The storm claimed at least one life when a tree fell on a car in Saratoga County at the height of the storm Wednesday afternoon. William J. Oates, 24, died at the scene. An online fundraiser for Oates’ funeral services had raised more than $7,600 — well over its initial $2,500 goal — as of Thursday afternoon.
In the storm’s aftermath, cleanup crews from National Grid and local highway departments worked throughout the night and all day Thursday and into Thursday night in extensive cleanup efforts around the region.
The storm’s powerful winds also caused extensive roof damage to some buildings, knocked down power lines and filled many streets and roadways and highways with debris.
Peter Hudson, a Niskayuna resident, came home from work at 8 p.m. when he saw that a large oak tree, which had been there for well over 100 years, had fallen from the back of his lawn and broke through his roof.
“When I got home, I was pleasantly surprised to find that my house had power,” Hudson said, “but not so happy about the tree that had fallen and put two holes in my roof.”
After seeing the damage, he woke up at 6 a.m. Thursday morning and went chainsaw shopping. Unfortunately, those were sold out, so he opted for a Sawzall reciprocating saw and spent the day cleaning up. He said he wasn’t able to get help from a tree service until Sunday.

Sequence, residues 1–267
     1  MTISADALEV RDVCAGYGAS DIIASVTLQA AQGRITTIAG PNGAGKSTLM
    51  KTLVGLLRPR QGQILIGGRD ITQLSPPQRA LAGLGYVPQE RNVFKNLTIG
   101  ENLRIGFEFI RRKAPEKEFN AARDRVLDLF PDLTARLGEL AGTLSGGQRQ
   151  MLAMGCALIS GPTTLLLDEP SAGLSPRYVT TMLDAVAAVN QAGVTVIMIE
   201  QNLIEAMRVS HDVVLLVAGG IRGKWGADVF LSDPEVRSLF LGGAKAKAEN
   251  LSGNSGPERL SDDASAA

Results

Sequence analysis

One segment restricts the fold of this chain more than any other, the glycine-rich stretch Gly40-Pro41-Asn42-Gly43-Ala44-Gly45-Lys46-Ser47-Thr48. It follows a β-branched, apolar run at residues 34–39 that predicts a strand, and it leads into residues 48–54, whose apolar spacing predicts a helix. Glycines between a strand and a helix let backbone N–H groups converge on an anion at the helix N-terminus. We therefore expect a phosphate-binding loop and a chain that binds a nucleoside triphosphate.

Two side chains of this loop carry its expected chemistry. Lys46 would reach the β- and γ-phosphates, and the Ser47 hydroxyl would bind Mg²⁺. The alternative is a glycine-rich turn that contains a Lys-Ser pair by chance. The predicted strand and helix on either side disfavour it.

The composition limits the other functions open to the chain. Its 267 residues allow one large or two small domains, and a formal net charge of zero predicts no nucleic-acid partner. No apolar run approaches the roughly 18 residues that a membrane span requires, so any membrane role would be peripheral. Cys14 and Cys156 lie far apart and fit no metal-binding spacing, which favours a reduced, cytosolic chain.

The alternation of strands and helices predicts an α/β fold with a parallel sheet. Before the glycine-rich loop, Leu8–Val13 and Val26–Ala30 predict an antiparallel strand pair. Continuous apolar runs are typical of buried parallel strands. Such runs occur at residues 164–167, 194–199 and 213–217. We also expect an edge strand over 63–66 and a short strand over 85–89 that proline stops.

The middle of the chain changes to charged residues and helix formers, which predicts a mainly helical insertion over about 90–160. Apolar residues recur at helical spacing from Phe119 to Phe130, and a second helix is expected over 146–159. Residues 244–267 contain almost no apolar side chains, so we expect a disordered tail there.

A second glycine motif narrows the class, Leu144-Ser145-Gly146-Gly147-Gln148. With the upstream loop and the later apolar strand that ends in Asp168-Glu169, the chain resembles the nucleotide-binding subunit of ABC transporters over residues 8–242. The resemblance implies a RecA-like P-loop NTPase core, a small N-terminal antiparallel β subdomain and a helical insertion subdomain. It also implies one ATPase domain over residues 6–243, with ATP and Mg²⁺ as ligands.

“I am still, to this minute, using my Sawzall, clippers and rake to clean up my yard,” Hudson said Thursday afternoon. “I had my parents and friend Jacob come over with his chainsaw and we’re starting to tackle [some] of the bigger logs now … I hadn’t even known [the storm] was going to pass until it was on top of us. It seemed to last only a few minutes but the damage is far more significant.”
In terms of power outages, National Grid was still working Thursday afternoon to restore power to the thousands of homes still without it. National Grid’s Limmiatis on Thursday said afternoon that while workers had already restored power to more than 70,000 homes Wednesday night, they brought in additional assistance to help with the rest.